Step 2. Filter and learn to say no.

Delegate or outsource what you don’t want to do or what isn’t your strength. Understand that not every client is for you – we’ve all had resource thieves who take up our time and resources. When you get that vibe – yeah, you know what I’m talking about – be nice, polite and courteous. Tell them that their business really isn’t a fit for you and refer them on.

Data, devices, and overwhelm

Key number two contributing to overwhelm, is the sheer volume and frequency of data or communication.

We hold in the palm of our hand a device that is connected to the world 24/7, with 4000 times more computing power than the Commodore 64 I had in my bedroom in 1982, that loaded ‘Spy vs Spy’ games off the tape over the course of an hour or so.

The plethora of data is mind-boggling: email, text, Skype, Facebook, Instagram, Twitter, and on and on it goes.

The simple solution here – although in conflict with customer service as a core value – turn it off! I’ve figured out after all these years that if a customer can’t contact me between 6pm and 7am, it’s highly unlikely that the planet will explode. It’s called ‘do not disturb’ and it’s a setting on your phone . Turn off the notifications so you still get the info you want but without the phone buzzing or making that little notification sound every 30 seconds.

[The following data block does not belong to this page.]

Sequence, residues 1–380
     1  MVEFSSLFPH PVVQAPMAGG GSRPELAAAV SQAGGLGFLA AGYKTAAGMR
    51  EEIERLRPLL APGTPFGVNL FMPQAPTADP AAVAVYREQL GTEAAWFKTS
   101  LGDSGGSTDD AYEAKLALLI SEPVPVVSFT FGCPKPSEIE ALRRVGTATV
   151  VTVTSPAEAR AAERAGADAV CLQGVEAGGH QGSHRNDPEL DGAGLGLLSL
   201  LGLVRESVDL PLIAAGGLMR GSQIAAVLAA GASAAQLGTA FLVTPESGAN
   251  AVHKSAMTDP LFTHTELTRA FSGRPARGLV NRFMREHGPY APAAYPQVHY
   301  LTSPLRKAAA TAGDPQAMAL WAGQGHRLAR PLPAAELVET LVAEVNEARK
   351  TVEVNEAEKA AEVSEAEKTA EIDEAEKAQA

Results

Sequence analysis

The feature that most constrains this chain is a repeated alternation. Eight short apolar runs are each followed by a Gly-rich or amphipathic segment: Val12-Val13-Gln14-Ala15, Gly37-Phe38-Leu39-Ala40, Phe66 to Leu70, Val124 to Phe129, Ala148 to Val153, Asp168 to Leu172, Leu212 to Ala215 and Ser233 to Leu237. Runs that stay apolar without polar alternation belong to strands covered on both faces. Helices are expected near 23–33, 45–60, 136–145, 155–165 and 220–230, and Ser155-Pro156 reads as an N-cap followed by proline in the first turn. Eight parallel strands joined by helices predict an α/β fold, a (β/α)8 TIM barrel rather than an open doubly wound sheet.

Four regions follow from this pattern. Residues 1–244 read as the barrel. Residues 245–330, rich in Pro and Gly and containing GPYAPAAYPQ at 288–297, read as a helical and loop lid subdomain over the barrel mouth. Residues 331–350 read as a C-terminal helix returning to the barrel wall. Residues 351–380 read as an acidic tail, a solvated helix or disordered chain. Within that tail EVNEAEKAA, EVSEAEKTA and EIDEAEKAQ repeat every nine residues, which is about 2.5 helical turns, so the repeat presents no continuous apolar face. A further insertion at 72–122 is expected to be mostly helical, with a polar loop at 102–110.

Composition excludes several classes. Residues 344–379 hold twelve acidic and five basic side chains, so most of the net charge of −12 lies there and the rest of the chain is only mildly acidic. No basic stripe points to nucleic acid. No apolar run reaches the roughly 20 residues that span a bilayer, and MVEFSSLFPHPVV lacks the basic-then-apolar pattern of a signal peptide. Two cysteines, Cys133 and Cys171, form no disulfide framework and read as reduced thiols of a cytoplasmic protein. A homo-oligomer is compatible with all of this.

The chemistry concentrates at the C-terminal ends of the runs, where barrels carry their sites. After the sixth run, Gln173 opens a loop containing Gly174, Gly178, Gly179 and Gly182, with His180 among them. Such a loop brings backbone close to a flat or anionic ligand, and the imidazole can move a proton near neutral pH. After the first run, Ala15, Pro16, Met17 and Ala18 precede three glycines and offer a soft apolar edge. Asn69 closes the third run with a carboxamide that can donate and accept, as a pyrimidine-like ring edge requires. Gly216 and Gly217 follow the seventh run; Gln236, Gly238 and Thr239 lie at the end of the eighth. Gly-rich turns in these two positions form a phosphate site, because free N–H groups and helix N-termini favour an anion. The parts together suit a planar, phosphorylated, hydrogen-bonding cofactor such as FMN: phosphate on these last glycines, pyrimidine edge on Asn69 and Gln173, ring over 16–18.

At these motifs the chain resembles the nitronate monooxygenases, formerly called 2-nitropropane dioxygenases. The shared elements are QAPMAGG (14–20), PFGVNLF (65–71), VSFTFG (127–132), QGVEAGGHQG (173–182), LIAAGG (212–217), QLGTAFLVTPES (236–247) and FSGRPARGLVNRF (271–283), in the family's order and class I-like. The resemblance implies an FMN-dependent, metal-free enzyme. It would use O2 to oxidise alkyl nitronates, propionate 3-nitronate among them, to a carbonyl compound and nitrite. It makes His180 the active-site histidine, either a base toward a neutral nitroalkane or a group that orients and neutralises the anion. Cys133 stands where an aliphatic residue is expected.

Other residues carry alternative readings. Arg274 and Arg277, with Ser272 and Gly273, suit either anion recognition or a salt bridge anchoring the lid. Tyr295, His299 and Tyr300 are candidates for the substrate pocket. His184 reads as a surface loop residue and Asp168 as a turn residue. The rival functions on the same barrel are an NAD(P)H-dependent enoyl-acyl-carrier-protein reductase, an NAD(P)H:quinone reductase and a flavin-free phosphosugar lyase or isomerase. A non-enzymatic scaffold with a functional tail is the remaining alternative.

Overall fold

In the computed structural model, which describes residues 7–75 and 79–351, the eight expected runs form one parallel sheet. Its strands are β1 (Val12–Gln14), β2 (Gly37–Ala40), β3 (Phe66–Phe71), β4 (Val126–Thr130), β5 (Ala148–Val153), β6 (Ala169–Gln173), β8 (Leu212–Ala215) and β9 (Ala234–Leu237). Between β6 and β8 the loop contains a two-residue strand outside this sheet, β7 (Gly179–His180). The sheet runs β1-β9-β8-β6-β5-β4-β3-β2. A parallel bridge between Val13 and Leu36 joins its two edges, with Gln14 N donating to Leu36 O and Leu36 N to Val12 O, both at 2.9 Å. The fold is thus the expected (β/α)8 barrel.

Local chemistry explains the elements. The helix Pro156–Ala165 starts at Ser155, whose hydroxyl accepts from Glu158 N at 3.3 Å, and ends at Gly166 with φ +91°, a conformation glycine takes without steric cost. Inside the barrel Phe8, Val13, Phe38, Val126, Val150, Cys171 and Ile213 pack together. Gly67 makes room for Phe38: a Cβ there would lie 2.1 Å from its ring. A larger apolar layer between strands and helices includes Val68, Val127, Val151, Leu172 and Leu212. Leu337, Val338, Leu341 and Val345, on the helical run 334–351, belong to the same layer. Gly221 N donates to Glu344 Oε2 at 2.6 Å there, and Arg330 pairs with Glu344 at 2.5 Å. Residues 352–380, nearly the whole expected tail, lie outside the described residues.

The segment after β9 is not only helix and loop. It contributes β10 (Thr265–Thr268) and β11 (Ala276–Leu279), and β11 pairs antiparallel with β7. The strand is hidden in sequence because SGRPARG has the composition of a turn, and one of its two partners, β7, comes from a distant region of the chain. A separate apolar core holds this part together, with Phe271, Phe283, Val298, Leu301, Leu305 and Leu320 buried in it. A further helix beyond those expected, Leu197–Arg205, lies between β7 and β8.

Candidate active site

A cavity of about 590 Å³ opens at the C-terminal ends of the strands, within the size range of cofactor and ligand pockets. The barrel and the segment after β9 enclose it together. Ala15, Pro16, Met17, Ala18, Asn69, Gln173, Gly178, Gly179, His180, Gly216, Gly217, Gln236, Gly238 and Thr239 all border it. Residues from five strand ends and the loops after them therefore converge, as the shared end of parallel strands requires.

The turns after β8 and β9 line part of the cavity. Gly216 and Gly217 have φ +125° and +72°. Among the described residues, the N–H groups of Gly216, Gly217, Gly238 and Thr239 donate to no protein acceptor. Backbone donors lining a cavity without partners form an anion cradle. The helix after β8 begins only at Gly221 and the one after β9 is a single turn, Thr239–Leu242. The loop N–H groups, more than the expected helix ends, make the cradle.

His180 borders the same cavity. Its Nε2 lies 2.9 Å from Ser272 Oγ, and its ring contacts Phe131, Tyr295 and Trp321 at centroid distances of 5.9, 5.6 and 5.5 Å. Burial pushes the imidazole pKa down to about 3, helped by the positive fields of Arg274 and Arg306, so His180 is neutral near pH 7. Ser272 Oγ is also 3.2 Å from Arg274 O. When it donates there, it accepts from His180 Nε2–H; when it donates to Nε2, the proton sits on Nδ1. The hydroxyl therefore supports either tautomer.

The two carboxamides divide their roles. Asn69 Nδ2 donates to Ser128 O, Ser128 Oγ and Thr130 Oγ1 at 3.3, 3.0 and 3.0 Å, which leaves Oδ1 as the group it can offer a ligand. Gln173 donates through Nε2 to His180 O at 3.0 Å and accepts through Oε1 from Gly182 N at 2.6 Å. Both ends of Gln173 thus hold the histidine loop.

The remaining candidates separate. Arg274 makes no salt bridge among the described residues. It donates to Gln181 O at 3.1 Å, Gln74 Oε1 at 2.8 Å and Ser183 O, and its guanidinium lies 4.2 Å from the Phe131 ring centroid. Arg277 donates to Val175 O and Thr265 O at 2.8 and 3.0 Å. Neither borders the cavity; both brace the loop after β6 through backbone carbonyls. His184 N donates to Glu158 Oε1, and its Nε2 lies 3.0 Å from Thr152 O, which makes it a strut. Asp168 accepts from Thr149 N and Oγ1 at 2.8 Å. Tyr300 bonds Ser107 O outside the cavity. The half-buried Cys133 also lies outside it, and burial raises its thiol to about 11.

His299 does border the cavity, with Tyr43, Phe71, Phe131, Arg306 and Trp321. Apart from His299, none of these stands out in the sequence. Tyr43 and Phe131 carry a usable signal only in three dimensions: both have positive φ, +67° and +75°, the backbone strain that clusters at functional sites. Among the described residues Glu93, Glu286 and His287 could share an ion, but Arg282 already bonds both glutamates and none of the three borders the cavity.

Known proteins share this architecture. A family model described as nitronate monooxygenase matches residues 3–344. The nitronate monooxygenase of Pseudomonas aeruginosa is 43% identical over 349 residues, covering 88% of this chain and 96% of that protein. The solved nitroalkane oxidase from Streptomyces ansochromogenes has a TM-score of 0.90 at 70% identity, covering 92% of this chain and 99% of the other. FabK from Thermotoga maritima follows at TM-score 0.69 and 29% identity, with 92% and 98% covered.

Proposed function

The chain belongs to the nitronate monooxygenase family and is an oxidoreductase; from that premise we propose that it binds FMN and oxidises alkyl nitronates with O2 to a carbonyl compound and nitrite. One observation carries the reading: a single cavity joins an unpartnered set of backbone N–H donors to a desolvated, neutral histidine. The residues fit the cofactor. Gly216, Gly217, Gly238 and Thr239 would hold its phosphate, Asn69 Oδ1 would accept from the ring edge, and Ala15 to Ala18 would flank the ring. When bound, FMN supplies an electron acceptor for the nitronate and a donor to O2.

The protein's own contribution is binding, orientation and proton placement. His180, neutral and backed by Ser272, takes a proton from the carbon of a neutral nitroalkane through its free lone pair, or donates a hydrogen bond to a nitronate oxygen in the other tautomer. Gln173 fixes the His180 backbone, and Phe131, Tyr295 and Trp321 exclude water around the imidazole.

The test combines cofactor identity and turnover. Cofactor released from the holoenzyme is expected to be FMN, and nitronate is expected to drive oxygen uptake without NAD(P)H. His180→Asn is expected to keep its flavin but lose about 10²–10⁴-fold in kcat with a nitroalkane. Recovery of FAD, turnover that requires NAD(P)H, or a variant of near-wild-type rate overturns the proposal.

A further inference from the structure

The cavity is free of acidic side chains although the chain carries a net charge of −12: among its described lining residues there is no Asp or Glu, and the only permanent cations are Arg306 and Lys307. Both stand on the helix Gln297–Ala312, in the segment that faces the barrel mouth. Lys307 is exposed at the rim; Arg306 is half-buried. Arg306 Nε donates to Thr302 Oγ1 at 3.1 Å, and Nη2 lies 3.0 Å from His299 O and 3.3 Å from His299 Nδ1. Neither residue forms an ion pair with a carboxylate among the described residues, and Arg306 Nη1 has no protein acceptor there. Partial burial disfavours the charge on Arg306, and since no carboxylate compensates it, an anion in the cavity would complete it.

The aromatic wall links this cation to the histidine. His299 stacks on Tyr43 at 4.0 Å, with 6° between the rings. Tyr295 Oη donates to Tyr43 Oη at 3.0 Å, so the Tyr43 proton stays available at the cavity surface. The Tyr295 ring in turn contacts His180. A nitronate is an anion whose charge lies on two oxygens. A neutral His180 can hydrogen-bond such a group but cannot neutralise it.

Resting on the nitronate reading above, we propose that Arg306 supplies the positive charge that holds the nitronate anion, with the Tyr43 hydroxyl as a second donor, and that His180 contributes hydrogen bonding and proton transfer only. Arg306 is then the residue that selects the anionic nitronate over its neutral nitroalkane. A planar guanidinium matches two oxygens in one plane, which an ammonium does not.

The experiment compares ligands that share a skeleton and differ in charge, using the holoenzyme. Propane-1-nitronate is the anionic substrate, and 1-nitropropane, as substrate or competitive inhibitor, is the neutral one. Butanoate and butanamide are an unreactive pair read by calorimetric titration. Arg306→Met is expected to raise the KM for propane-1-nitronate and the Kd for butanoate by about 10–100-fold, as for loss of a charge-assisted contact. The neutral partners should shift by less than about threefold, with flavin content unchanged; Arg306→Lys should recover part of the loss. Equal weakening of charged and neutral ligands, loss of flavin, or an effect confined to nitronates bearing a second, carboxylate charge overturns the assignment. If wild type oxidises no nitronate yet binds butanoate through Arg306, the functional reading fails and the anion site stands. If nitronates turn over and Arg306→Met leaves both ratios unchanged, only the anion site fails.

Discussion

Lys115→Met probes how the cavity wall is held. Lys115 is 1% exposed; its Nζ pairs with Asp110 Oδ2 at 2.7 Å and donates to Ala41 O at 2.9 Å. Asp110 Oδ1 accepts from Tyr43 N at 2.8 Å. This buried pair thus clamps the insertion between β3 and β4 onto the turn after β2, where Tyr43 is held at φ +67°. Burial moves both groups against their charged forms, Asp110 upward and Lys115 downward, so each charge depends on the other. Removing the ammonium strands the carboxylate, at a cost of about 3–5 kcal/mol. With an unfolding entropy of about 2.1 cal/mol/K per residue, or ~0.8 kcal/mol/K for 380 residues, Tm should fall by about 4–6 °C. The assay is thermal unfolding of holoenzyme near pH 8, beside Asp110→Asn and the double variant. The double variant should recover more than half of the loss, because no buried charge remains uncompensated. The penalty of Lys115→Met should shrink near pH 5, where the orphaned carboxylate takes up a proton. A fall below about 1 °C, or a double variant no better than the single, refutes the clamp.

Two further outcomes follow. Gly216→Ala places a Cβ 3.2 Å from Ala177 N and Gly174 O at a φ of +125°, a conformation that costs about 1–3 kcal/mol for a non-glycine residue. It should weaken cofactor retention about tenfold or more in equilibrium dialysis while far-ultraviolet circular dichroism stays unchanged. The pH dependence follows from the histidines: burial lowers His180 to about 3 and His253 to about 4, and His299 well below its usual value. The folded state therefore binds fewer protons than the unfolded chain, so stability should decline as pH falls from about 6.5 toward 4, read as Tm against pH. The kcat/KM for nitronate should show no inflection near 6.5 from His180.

You might think taking the steps above sounds drastic or in your opinion they might seem fairly basic.

For people who’ve become addicted to the constant flow of messages and allow their moods be affected by how many likes their latest Instagram post has, turning notifications off can be a challenge. If that’s the case, then hold on tight for this next bit. We’re about to go down the ‘rabbit hole’ people. It’s about to get real, or as Gill Scott Heron (Google him; he rocks) said,  The revolution will not be brought to you by Xerox”.

My favourite tricks for getting some real face time as opposed to the electronic time

Write a to-do list the day before and work through the tasks, don’t open emails until later in the day – best trick ever! I think I might be 100% more productive this way. I read all my emails between 4 and 5pm and add them to my list for tomorrow, or deal with them quickly if it’s a yes/no answer. If someone needs something urgently they’ll use another method to contact me, including that ancient device known as the landline.

Second and most important trick – my wife loves this one – leave the work mobile in the car when you get home at night. It helps to switch off and be present when you walk in, then you can really pay attention without being distracted by constant notifications.

So that’s me done for this month. I don’t want to overwhelm myself with this article and I’m at the end of my Public Enemy  (best hiphop of the 80s!) playlist and, as I move off into a haze of Gil Scott-Heron, I might go check the 200 emails in my inbox.

About the author

Craig Fallshaw

Craig Fallshaw, founder of Complementary Medicines Group, comes from a long line of Australian natural products manufacturers. His industry career, spanning more than 25 years, began in the family business, a contract manufacturer founded by his grandfather in 1972. Craig, from Sydney’s Northern Beaches, is a keen photographer and loves employing his drone to photograph otherwise inaccessible places. Email Craig at craig@cmgrouponline.com.au.